The new face of travel

After years of pandemic-restricted travel around the world, travel is back with a vengeance. The past three months have been the busiest in two years, says Michelle Rheinberger of boutique travel company Adventum Travel. Talking about the latest episode of Have a nice weekend talksRheinberger says travel traffic is flowing both ways, and she thinks it’s only going to get busier as we enter the Australian summer.

“In June, there were 730,000 arrivals in Australia,” says Rheinberger, “80,000 more than the previous month. And departures were 900,000, a monthly increase of 221,000.”

Where are Australians going and what are we doing? “I really think people are doing shorter, more experience-based trips,” says Rheinberger, “rather than the 55-country-in-three-week kind of thing, ticking off the names on the list.”

Maybe it’s because we’re more grateful for the privilege of going anywhere and really want to soak it up. “People go to a villa for a week in Tuscany, instead of spending two nights in Tuscany on the way to Rome, on the way to another place. Immersion is probably the word: to really feel that you understand what a real Croatian village, or how living like a real New Yorker feels.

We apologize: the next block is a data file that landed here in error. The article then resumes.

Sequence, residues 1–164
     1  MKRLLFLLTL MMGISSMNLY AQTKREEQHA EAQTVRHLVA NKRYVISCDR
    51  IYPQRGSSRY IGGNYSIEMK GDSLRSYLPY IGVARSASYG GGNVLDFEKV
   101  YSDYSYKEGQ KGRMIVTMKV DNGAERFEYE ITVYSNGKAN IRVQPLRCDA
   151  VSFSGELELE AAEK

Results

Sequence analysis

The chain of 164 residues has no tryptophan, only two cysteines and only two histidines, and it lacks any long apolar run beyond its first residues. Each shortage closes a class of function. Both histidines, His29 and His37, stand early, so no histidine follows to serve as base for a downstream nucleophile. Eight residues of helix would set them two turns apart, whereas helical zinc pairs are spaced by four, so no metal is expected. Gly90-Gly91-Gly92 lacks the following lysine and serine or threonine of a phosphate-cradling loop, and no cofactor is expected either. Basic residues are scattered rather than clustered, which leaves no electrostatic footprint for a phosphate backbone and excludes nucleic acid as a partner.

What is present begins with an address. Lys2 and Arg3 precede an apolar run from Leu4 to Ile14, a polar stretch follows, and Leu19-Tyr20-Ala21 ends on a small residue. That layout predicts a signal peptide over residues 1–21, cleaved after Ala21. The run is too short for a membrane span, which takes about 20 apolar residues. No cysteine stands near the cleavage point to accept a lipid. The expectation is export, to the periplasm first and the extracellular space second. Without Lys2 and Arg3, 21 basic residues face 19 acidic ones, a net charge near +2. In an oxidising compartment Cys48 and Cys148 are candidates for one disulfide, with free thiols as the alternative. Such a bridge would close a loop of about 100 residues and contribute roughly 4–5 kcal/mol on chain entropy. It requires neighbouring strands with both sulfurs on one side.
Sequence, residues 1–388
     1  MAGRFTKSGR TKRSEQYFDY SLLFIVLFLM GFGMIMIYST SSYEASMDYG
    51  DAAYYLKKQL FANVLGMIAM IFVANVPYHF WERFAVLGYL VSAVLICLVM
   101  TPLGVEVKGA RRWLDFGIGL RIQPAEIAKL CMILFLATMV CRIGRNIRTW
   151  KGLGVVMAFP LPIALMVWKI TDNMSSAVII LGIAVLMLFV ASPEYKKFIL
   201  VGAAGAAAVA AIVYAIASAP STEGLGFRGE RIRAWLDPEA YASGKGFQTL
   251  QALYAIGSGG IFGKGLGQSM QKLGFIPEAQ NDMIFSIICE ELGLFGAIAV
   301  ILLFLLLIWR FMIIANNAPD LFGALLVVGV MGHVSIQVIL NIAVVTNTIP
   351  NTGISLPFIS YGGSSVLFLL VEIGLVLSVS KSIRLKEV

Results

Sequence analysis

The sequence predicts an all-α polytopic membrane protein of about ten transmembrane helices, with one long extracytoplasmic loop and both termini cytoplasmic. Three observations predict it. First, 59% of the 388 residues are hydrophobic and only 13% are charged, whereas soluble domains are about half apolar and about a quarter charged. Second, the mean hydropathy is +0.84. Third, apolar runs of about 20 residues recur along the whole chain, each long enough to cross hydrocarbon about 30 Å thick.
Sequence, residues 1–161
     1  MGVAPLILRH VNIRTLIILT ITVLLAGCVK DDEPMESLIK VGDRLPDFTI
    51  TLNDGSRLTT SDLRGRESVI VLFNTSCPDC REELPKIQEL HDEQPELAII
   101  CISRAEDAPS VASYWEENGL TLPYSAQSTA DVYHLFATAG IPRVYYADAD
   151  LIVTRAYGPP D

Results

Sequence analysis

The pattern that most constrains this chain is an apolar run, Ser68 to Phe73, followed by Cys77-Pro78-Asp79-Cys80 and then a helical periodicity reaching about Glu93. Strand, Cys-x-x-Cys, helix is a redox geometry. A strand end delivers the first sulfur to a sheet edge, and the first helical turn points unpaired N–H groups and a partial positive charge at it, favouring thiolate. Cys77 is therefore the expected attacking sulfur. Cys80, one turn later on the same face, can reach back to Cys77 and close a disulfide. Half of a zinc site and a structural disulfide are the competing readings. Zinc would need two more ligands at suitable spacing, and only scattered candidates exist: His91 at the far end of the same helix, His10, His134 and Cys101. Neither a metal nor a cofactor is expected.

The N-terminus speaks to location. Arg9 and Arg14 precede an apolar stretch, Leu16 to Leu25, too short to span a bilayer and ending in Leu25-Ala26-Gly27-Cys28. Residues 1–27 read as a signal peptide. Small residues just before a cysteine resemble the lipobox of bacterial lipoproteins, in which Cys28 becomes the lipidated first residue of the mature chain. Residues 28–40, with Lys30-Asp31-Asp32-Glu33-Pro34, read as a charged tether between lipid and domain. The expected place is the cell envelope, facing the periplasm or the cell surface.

Those who come here from abroad, on the other hand, are looking for authentic experiences. And local operators hope not only that international tourists will come, but that Australians, having discovered their own backyard, will choose to swell the number of domestic tourists.

Rheinberger, who moved to the NSW country town of Millthorpe during the pandemic, says locals can be ‘a bit funny at times, like, ‘God, I can’t have coffee this morning because of all these visitors’ . But I think generally people understand that to have those services – whether it’s a cellar door, a great coffee or a little deli – you need someone to be able to sustain.

The one thing that seems unlikely is that any catastrophe, barring another global catastrophe, will stop our return to travel. Given rising interest rates and economic constraints, “people might take the journey of a to-do list and then really ask themselves, ‘Is this sustainable or not for the future?'” says Rheinberger. “But interestingly enough, a client who just turned 50 said to me the other day, ‘Do you realize I only have 20 decent summers left?’ People are desperate to get out there.

Good Weekend Talks offers readers the opportunity to dive deep into the definitive stories of the day, explore events and individuals that capture the interest of Australians, through weekly conversations, with a range of special guests. Listen to more episodes by subscribing to Good Weekend Talks wherever you get your podcasts.

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